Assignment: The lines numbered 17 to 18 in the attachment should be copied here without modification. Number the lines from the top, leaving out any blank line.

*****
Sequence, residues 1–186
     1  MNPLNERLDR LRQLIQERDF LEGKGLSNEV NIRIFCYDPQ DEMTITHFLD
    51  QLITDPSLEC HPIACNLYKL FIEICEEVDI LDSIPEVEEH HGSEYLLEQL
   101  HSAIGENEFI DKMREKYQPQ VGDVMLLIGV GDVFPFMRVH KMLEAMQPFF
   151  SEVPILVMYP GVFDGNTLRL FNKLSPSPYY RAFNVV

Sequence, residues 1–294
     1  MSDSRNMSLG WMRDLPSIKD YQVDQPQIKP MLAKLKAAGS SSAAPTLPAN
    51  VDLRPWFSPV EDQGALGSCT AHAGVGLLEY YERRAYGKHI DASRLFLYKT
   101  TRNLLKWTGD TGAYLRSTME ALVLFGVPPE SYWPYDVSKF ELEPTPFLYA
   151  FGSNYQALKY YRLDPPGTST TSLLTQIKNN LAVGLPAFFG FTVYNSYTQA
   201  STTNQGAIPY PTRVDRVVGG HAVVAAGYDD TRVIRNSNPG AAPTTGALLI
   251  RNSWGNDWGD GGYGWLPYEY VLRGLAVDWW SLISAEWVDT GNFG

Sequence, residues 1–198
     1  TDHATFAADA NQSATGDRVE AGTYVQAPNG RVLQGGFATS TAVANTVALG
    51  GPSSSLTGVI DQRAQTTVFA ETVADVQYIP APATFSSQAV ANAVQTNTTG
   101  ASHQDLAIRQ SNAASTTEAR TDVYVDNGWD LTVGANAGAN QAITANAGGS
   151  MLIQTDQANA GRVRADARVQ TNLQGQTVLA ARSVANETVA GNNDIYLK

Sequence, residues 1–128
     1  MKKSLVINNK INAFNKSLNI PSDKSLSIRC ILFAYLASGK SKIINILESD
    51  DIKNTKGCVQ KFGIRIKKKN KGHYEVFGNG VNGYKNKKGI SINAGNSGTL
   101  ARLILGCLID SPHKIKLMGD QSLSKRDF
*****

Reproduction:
   151  MLIQTDQANA GRVRADARVQ TNLQGQTVLA ARSVANETVA GNNDIYLK

Sequence, residues 1–128